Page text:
Obviously much more needs to be done. But not just in treating the mental health issues but in creating a new type of society and economic system that will provide people with the basic human needs – economic, social and psychological – so that suicide is not an option.

Nunavut Legislature

On the Saturday morning, I chaired a meeting about decorum in the legislatures. They had a speaker from Quebec where the legislature recently banned clapping during question, and a legislator from Ontario where it has been quite raucous especially since Doug Ford came into town. Across the country there are varying levels of decorum especially during question period. Heckling and clapping is common in most legislatures although none of them seem to be as raucous as Ontario.

On a personal note, when I was elected three-and-a-half months ago, I was absolutely amazed at the noise and the disruption during question period. It’s like a contact hockey game. At first, I just stood back and watched. But after you see one of your players get taken into the boards, the next thing you know you are starting to heckle and join in. Because those are the rules of the game.

Figure 3: Nunavut Legislature

Figure 4: Nunavut Legislature Mace - made of a narwhal tusk

The discussion was in stark contrast to the Nunavut legislature where we were having the discussion. The members sit in a circle and the space is designed like an igloo – a traditional winter home. One of the Nunavut legislators brought his one-and-a half-year-old child for part of the meeting and said that it was common to bring in infants and toddlers. As I chaired the meeting, an Inuit elder was sitting opposite, facing me. At one point during the discussion, he crossed his arms with the type of authority that only older people can have and it made me check myself to make sure I wasn’t doing anything wrong. There are no political parties in the Nunavut legislature and all decisions are made by consensus. The irony of having a discussion about parliamentary decorum in such a setting was not lost on me.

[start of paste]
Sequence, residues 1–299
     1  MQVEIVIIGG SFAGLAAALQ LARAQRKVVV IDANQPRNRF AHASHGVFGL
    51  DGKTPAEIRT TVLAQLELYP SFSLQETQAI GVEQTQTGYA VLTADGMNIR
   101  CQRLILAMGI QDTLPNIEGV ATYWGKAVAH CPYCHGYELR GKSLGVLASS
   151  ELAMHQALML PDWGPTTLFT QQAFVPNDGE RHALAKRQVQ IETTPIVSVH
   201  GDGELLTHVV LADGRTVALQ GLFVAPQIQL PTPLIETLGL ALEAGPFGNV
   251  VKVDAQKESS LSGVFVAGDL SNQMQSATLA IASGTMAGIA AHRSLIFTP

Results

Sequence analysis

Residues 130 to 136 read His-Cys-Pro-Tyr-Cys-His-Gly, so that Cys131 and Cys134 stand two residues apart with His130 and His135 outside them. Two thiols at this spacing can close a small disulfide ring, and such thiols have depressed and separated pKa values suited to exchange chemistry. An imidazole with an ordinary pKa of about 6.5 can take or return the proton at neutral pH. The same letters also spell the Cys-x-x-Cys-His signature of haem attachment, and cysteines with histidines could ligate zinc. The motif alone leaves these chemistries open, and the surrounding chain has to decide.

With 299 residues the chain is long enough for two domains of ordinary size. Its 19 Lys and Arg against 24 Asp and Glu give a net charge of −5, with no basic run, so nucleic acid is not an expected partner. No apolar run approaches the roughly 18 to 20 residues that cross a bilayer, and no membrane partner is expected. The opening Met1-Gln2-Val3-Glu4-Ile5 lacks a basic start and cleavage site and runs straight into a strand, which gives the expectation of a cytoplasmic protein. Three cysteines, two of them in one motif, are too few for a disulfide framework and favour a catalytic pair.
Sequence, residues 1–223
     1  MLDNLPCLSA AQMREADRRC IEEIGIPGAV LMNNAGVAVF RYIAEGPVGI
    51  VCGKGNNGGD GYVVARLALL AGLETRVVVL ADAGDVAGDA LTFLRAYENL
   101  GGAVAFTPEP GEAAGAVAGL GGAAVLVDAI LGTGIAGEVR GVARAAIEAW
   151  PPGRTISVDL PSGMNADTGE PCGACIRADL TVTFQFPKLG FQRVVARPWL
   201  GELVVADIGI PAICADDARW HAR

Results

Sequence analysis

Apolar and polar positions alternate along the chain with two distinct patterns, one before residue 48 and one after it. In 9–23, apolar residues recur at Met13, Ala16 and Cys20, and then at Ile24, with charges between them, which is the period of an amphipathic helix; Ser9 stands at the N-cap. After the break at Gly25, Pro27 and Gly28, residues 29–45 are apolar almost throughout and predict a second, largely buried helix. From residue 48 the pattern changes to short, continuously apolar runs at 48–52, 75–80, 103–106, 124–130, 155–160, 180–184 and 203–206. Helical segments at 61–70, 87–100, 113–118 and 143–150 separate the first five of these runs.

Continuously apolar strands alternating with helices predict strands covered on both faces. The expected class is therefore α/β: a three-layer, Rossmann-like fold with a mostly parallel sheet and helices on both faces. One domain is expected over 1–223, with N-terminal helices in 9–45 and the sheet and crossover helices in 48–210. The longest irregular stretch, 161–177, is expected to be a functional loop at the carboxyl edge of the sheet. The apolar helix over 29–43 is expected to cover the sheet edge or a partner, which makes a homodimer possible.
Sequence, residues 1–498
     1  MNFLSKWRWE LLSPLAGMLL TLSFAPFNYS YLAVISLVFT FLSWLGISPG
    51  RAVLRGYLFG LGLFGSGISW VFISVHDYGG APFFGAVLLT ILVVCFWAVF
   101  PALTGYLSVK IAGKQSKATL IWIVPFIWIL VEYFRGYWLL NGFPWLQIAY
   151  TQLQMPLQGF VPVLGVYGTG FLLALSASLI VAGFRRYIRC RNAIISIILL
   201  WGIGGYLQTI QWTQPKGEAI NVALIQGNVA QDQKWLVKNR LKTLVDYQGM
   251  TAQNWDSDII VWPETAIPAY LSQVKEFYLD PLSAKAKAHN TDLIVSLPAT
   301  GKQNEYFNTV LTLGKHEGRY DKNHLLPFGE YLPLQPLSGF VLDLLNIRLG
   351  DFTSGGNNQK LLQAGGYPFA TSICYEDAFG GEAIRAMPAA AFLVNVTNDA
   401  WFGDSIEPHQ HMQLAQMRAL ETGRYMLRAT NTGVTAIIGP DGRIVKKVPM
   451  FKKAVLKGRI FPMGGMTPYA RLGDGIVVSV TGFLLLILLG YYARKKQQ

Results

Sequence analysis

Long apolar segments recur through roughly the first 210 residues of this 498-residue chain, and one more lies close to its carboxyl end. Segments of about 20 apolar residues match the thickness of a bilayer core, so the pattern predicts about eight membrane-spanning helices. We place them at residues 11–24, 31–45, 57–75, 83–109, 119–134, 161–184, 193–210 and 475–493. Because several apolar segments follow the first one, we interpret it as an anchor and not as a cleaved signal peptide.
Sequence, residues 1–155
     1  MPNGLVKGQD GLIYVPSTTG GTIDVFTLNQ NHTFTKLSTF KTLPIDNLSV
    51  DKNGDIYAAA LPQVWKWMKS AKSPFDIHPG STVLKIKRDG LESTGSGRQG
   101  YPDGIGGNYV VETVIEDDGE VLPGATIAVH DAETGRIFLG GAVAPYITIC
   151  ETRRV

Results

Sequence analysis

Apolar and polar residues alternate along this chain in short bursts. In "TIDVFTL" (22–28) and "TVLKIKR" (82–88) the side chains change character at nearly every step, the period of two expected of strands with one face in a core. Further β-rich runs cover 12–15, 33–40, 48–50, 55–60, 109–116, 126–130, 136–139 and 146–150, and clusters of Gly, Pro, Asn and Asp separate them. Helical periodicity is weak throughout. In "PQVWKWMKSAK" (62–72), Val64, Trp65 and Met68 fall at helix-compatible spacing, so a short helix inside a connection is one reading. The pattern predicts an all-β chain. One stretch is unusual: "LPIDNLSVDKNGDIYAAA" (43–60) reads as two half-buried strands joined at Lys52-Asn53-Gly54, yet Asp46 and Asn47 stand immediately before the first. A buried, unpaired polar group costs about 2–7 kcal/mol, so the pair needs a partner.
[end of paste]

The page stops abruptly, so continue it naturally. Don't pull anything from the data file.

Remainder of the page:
Final thoughts

The Inuit people have been mistreated by us for hundreds of years. In one of the worst episodes in the 1950s, Canada wanted to establish its sovereignty over the northern Arctic islands. They recruited a community of Inuit from the Ungava Bay area with promises of a hunting ground full of animals and the promise to return them if they did not like their new land. They then moved them to Resolute Bay on Cornwallis Island, one of the coldest inhabited places on earth. After an investigation, a settlement was made and a formal apology offered by the government in 2008. There are also many who have been through the residential school system. It’s no wonder that the social system is broken down and that addictions and youth suicide are all too prevalent.

In spite of this past, the Inuit I met consistently expressed pride in being Canadian. They live in a very different part of the planet from us in the south and their culture and language are very different as well. We are so privileged that they our part of our Canadian diversity.

Before the flight out on Sunday morning I grabbed a coffee and overheard two gentlemen talking about the hockey game from the night before. One said he was a die-hard Habs fan and showed me the tattoo to prove it.